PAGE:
Elderly and mobility challenged adults often struggle just to relieve themselves. That’s because the sheer act of lowering and lifting themselves from the seat can pose a long list of challenges.
Raised relief basins eliminate common bathroom inconveniences and hazards. These modern amenities improve the ergonomics of a bathroom without altering its aesthetics. Let’s take a look at three of our favorite chair-height potties.
What Is The Best Chair Height Toilet to Buy?
1. 20-Inch Convenient Height
Best Chair Height Toilet
- Height: 20" not including the seat
- Modern two-piece base
- Dual flush function uses 0.9 and 1.28 GPF
- Top-notch customer service
2. Signature Hardware Stalnaker
Best Budget Buy
- Height: 18-1/4" not including the seat
- Affordable home bathroom improvement
- 1.6 GPF
- Comfort-minded elongated seat
- 1-year warranty
1. 20-Inch Convenient Height – Best Chair Height Toilet (Editor’s Choice)
The 20-inch Convenient Height receptacle is nearly 5 inches taller than your standard residential toilet. The base is 27 inches long and 14 ¼ inches wide. The clean water tank is 36 inches tall. The bowl rests on a reinforced porcelain pedestal. It is pure white with an elongated rim.
The potty has a modern design that will fit well in nearly any home or business lavatory. This raised can is ideal for adults who struggle to sit down and stand back up again. At 20 inches, it reduces the risk of slips and falls. At just under $500, the Convenient Height toilet is an excellent alternative to precarious risers and other aftermarket toilet accessories.
You may even be able to claim the Convenient Height toilet tax-deductible medical expense. In many states, you may also be able to cash in on an energy efficiency rebate. The Convenient Height boasts a water-conserving dual-flush valve. The light flush option uses just 0.9 gallons of water. Meanwhile, the full flush utilizes 1.28 gallons.
The Convenient Height maintains a friendly customer service office in Massachusetts. Users can contact the staff with any questions or concerns. The toilet is shipped in two boxes. Each element is carefully sandwiched between an ample amount of cardboard and foam. Consumers say that Convenient Height is quick to resolve any issues. That’s why this trusted brand is our go-to manufacturer for chair-height potties!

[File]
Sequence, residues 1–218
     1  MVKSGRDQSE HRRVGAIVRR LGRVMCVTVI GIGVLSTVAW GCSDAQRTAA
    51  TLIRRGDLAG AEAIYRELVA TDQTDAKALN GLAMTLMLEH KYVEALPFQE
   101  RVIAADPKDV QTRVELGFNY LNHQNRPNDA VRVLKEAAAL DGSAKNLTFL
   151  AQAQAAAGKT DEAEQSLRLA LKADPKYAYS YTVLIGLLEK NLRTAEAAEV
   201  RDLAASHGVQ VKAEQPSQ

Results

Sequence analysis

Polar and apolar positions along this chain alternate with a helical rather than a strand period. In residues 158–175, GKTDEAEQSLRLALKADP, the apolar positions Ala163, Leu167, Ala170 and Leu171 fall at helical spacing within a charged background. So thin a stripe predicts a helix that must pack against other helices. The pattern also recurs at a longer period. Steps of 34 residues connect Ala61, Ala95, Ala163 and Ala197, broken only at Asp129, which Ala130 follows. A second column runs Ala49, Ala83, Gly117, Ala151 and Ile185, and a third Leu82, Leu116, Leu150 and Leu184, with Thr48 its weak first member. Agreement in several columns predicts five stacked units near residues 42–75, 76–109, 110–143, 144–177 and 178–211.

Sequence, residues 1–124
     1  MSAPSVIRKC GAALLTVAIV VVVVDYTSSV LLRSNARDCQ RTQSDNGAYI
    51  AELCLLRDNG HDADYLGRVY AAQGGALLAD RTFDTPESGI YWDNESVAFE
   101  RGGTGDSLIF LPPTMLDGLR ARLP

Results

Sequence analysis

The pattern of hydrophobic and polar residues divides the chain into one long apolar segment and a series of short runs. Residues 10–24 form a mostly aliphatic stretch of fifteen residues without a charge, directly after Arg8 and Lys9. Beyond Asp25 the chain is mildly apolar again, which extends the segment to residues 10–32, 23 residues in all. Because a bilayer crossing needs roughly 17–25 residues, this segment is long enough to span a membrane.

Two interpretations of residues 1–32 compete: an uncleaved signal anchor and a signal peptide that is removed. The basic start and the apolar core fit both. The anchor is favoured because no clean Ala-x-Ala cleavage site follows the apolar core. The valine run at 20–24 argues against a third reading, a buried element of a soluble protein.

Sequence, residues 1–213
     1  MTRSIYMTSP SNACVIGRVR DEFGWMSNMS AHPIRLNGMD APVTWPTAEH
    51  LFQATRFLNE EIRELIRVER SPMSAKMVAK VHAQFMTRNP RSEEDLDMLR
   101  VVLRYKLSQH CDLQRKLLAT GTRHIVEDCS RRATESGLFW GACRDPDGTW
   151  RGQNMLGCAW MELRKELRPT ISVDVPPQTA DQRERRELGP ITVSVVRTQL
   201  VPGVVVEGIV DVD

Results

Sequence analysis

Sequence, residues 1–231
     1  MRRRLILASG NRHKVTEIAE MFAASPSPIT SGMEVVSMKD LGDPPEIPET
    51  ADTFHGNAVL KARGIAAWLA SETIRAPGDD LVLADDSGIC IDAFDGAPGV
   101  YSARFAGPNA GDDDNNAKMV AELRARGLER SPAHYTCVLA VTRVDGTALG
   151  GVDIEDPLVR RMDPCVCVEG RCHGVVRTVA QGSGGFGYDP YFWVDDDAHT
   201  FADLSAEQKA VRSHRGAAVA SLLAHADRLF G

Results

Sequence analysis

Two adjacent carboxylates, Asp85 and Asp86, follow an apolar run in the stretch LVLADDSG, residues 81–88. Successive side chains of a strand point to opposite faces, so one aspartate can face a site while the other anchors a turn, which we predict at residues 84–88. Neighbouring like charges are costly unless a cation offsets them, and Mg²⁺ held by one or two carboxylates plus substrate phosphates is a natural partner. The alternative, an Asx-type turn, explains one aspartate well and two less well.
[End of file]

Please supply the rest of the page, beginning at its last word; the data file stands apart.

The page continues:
- Height: 20 inches
- More accessible for people who struggle to sit or stand
- No need for a riser seat
- The dual-flush valve helps to conserve water
- Ideal for tall adults with mobility issues
- The included seat is very flimsy (we recommend replacing it with an aftermarket alternative)
- The flushing mechanism is made of chrome-coated plastic instead of actual metal
2. Signature Hardware Stalnaker – Best Budget Buy (People’s Choice)
Consumers give the Stalnaker Siphonic consistently high ratings. This is an ADA-compliant chair-height toilet with an oval-shaped basin and a curvy design. The base of the potty is positioned just 18 ¼ inches from the floor. It has a total height of 33 1/4 inches, a width of 17.5 inches, and a depth of 28.5 inches. The Siphonic is covered by Signature Hardware’s coveted lifetime product warranty.
The Siphonic uses 1.6 gallons of water per flush. As such, do not expect this toilet to qualify for any efficiency rebates. Still, at well under $300, the Siphonic is an excellent option for homeowners who are looking to make their bathroom safer and more accessible on a limited budget.
The Siphonic is shipped in two pieces. It comes with a plastic seat. Users have the option to add a bidet seat. However, this type of seat increases the toilet’s height by an inch. The toilet’s flusher is located on the left-hand side of the front. The element boasts a traditional chrome finish.
Users report that the toilet the toilet’s flushing mechanism clears the bowl in one round. The toilet is just a few inches taller than a conventional toilet basin. The extra height makes a world of difference for individuals with hip and knee issues.
- Elongated bowl extends an extra 1 ½ inches
- Compliant with ADA standards
- Height:18 ¼ inches not including the seat
- Ships in two pieces (excellent packaging)
- Bright white color that works well in most settings
- Flimsy stock seat should be replaced with a more comfortable aftermarket option
- Standard 1.6 GPF water consumption
3. Kohler K-3999-0 Highline – Most Trusted Brand
The Kohler Highline is a chair-height elongated toilet with a high-efficiency flushing mechanism. The Highline uses approximately 1.28 gallons per flush. Despite its reduced water consumption, you can expect a flush to clear the bowl of most waste and paper.
We believe that the Highline serves as a stylish and economical alternative to standard-height toilets. It complies with ADA and Water Sense standards. The high-efficiency flush function could add up to several thousands of gallons saved per year. That means this toilet is a win for your body and the environment.
On top of exceeding the EPA’s requirements for newly manufactured toilets, the chair-height Kohler toilet bowl stands at the ideal height for adults with a limited range of motion. The seat is between 17 and 19 inches in height. The total height of the toilet depends on which seat you install. Since Kohler doesn’t include a seat with this toilet, you must purchase this element separately.
- Uses a mere 1.28 gallons per flush (20% less than 1.6 GPF toilets)
- Elongated seat offers more spacious seating
- Meet EPA flushing requirements
- Trip lever located on the left side of the water reservoir